You leave her be.

Well, then you simmer.

You simmer this minute.

What is it makes you a woman?

That warm, loving
heart of yours?

(Dodie gasps)

I want no more of your sass.

You got a whipping
coming, and you know it.

You gonna talk about
it, or you gonna do it?

Bring her along, Floyd.

(sobbing softly)


Dodie, are you all right?

I'm just laying here laughing.

Did it hurt as
much as last time?

Nah, old Addie Bag
ain't the woman she was.

I first come here, that
whip had a sting in it.

You talk so proud, Dodie.

Ain't no way in the world folks
can take the proud out of you.

If you don't let them,

they can't whip it out.

Whipping just a-hurts me.

Lady, as long as you're here,

you got to hate more
than they can whip.

I know it ain't a
pretty way to be, but...

You can bear it.



That's sweet, Lady.

There weren't no milk.

Cow's dry again.

Got to admire that critter.

Not giving milk
when she ain't a-mind.

Aren't you hungry?

I'm saving it.

I won't be here
come supper time.

Of course you will.

Old Floyd Bag's going into town.

As soon as he's good and
gone, I'm taking myself out of here.

You mean it, don't you?

Where you going?

I don't know.

What's it matter?

Take me with you, Dodie.

Oh, Lady.

I wouldn't be a bother.

If you just take me, I'll...

Lady, ain't it enough I
got to worry about me?

It ain't as if I know
where I'm gonna like.

You want me to
move free, don't you?

Lady, you got to remember
all the things I told you.

Think free.

And get strong in your head.

And then one day,

you'll go flying out of
here all on your own.

(rumbling in distance)

Is that old Floyd?

It's him right enough.

Is Addie with him?

No, just him.

Let hisself through the gate.

Now he's locking it.

(buggy rolling outside)

He's riding down the road now.

(Dodie sighs)

I'm a mite stiff.

I'll loosen up soon enough.

Maybe you're too
sore to go running off.

Oh, Lady.

I'm gonna miss you.

Maybe, if things
go right enough,

one day, I'll come
back and fetch you.

I just said "maybe," now.

Oh, Dodie.

(door opens)

(door closes)


Well, you-you were
told to stay in that room

until you were sent for.

I get lonely for
the sight of you.

If you've come here
to say you're sorry...

I've come to say
better than that.

I've come to say
good-bye, Miss Addie Bag.

Oh, Dodie, you're
always talking the fool.

You get back up into
that room and stay there.

Why, you're scared of me.

You're brave and strong
when old Floyd's around.

But you're afeard
to take me on alone.

Now, Dodie... Dodie!

Oh, I ought to.

I ought to.

But I won't.

What-what do you want?

I come for those keys.

Wait till Floyd gets back.

You'll get the whipping
of your life for this.

I won't be here
when Floyd gets back.

Wake up, old Addie Bag.

Wake up.

(Addie groaning)

I haven't got time to
find out if you're all right.




Well, we saw her
free sure enough.

Keep that picture of
old Dodie in your head.

Then, any time you want to,

you can run away.

Any time you want.


Bet you thought I forgot
all about you, didn't you?



Sure never thought you'd
pull her through, Doc.

About last midnight, I
thought sure she's a goner.

Yeah, well, she's pretty
sick, all right, Jake,

but she's all
right now, I think.

Well, I guess you
know how I feel.

Well, yeah, I guess
you feel tired like I do.

You know, treating folks
the way you do, Doc,

it seems to me you'd get
what they're suffering with.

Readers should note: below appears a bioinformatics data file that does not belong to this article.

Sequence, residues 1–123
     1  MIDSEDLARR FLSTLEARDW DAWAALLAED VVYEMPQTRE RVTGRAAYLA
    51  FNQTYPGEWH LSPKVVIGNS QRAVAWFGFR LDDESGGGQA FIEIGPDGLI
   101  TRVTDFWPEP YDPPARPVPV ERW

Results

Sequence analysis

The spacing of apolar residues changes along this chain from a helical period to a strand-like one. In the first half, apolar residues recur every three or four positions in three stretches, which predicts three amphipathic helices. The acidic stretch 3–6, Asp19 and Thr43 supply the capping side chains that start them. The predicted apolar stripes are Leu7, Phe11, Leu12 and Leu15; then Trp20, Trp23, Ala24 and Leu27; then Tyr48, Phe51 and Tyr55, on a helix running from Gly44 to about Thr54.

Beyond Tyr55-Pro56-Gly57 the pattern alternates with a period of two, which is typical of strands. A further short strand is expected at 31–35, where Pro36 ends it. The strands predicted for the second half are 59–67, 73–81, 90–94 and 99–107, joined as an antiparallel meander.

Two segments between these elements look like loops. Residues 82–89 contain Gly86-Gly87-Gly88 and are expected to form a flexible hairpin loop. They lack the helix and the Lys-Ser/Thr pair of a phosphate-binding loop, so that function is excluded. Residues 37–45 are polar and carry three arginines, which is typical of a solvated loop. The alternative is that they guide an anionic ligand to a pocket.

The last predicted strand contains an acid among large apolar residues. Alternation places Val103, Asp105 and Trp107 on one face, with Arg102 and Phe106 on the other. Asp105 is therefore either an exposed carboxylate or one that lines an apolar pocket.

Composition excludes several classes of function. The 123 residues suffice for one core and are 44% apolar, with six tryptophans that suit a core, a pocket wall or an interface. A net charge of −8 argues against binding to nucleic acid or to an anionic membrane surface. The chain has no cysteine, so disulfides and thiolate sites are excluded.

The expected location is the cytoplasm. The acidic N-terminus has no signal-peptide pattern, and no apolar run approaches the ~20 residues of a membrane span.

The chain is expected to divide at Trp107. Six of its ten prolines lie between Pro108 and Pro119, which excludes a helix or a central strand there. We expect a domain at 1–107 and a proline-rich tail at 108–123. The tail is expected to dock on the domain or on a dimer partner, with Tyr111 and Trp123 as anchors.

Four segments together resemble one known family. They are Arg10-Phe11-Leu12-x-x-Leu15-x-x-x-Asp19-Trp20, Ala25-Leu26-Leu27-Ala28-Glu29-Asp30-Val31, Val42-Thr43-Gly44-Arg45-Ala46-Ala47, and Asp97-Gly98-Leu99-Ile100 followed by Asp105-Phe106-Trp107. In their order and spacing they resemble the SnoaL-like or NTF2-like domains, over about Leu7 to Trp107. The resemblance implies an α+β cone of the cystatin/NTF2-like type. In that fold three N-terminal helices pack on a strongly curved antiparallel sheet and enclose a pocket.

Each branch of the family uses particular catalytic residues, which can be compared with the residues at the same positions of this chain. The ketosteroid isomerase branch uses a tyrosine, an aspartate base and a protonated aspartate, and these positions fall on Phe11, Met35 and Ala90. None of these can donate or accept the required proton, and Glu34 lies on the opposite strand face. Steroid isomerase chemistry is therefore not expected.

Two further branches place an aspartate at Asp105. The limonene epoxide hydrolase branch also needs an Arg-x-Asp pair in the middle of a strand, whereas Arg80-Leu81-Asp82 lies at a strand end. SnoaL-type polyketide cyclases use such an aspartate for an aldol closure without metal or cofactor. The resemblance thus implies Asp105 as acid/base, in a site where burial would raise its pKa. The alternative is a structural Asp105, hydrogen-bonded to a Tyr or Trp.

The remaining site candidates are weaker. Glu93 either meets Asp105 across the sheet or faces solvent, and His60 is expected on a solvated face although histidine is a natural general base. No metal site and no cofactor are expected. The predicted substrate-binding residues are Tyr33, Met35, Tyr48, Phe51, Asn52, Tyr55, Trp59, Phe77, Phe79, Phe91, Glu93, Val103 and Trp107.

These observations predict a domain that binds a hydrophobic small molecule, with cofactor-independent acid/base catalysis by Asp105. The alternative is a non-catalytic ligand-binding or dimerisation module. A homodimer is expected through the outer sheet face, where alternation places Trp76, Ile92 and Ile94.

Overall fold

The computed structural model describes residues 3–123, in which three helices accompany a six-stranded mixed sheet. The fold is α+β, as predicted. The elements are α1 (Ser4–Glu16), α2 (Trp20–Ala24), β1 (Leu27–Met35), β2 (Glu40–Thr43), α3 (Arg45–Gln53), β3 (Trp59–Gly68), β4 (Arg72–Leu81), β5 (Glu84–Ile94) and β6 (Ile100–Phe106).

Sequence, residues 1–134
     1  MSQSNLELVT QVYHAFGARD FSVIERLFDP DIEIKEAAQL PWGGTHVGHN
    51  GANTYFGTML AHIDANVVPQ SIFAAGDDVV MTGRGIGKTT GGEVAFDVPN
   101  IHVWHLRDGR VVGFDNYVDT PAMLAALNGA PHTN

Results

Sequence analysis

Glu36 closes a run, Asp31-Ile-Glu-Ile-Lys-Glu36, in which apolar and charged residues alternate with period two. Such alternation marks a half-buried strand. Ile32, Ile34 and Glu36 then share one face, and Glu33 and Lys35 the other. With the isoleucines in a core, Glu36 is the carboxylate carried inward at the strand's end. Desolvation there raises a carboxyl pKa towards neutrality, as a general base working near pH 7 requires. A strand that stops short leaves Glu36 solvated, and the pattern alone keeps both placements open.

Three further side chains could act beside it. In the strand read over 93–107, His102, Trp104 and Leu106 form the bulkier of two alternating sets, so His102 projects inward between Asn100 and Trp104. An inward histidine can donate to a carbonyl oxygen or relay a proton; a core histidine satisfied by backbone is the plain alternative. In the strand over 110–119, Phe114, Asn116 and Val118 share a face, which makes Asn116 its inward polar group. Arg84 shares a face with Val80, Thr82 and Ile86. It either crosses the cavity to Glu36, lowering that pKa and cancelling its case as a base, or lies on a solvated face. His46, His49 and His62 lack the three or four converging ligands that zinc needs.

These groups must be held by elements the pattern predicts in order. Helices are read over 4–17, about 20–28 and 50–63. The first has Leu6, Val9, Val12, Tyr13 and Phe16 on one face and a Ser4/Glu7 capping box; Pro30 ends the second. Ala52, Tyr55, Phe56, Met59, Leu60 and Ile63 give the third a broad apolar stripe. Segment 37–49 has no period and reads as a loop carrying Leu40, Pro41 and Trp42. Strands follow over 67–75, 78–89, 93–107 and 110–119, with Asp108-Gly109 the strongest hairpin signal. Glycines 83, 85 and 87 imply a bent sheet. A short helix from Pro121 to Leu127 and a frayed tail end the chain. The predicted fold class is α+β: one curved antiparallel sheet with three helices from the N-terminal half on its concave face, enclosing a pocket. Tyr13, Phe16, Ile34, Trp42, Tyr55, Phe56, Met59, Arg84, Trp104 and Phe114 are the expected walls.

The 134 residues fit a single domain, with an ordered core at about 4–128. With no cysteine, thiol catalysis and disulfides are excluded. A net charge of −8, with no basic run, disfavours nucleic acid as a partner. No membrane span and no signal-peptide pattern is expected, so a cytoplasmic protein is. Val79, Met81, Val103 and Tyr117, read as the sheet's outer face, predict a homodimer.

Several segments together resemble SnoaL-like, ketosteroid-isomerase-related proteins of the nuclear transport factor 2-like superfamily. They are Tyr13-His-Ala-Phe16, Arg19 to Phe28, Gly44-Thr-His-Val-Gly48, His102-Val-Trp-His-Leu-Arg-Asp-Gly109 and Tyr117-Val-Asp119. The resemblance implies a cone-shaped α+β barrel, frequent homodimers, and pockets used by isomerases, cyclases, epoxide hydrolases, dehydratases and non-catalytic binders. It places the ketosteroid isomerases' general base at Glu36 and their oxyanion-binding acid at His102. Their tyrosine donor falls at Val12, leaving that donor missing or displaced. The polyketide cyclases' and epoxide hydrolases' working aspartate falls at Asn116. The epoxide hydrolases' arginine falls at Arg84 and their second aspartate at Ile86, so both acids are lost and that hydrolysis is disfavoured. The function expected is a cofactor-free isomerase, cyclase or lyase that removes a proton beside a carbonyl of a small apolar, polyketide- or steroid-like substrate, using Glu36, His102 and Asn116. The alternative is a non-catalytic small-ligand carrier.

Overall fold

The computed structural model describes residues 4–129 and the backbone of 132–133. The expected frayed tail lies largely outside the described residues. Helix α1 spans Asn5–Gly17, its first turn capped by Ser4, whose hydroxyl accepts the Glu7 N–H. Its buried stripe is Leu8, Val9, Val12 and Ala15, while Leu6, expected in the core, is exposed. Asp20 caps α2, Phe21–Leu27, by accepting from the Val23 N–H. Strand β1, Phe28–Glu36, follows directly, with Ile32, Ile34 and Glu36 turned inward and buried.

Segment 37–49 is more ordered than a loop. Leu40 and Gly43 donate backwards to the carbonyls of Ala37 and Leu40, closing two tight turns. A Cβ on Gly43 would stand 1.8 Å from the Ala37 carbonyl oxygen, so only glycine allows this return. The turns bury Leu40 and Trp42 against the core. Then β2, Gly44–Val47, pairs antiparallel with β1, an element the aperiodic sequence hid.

Boy, that'd put me in an
awful shape, wouldn't it?

Considering all
the babies I deliver.

(Jake chuckles)

Sure am obliged to you, Doc.

Tell Emma I'll see her
sometime tomorrow.

All right. Bye.

(Doc clicking tongue)

(wagon approaches)

Whoa. Whoa.

Morning to you!

Well, morning to you.

My feet sure are tired.

I picked up an
awful lot of pebbles.

Well, you sure are in
the middle of nowhere.

Ain't I, though?

Where'd you come from anyway?

That field over yonder.

Guess I got to give up
sleeping in haystacks.

Get a crick in my back.

Yeah, a bed, you'd sleep
a little bit better than...

Well, where we heading?

Hmm. Dodge City, I guess.

Dodge City.

Yes, providing that's
all right with you.

I think I heard of that.

That'll be just fine.


Oh, you can call me Dodie.

Well, Dodie.

All right, my name's,
uh, Doc Adams.

- A sure enough doctor?
- Yeah.

Now, uh, Dodie, I
know your name,

but I don't really
know who you are.

Well, that's just about
all there is to tell, Doc.

I'm just me, and I'm
breathing and moving free.

You know, Dodge City, uh,

well, it's kind of a rough
town for a young girl alone.

How old are you, young lady?

I'm old enough to
take care of myself.

Always have and always will.

Besides, I'm not alone.

You're not?

I got you, ain't I?

(Doc clicking tongue)

Whoa... Whoa.

What are we stopping here for?

This is where I keep my horse.

"Moss Grimmick"?

- Oh, that's good. You got that right.
- (chuckles)

You know, I just
thought of something.

You haven't got another
thing with you, have you?

No, just me and
what I got on my back.

Well, that won't do.

Now, I'll tell you
what we'll do.

We'll go down to
Delmonico's first here

and get a bite to eat.

And I'll take you over to Ma
Smalley's and get you a room.


Well, you see, Doc,
I've only been in a town

twice before that
I can remember.

And, well, I want
to see it on my own.

You sure about that?

I'm sure.

All right, Dodie.

You just go ahead
and look around here

to your heart's content.

But I'll tell you something...
You'll get tired, and...

and if you do, that's my office

right down the street there.

See those stairs?
It's right up there.

Well, I thank you for the ride.

And I'm awful glad to
have you for a friend, Doc.

All right, Dodie.


- Well, now, hello.
- Hello.

Hey, Dan Binny, you're getting
the hang of how to run a place.

Uh, you, uh... you looking
for somebody, little lady?

No, I just come in to
see what's a bill-i-ard.

MAN: Hey!

Hey, now, don't do that.

Sure is a pretty color.

It's hard as a rock, ain't it?

Well, you just put that
back on the table, miss.

Well, I'm just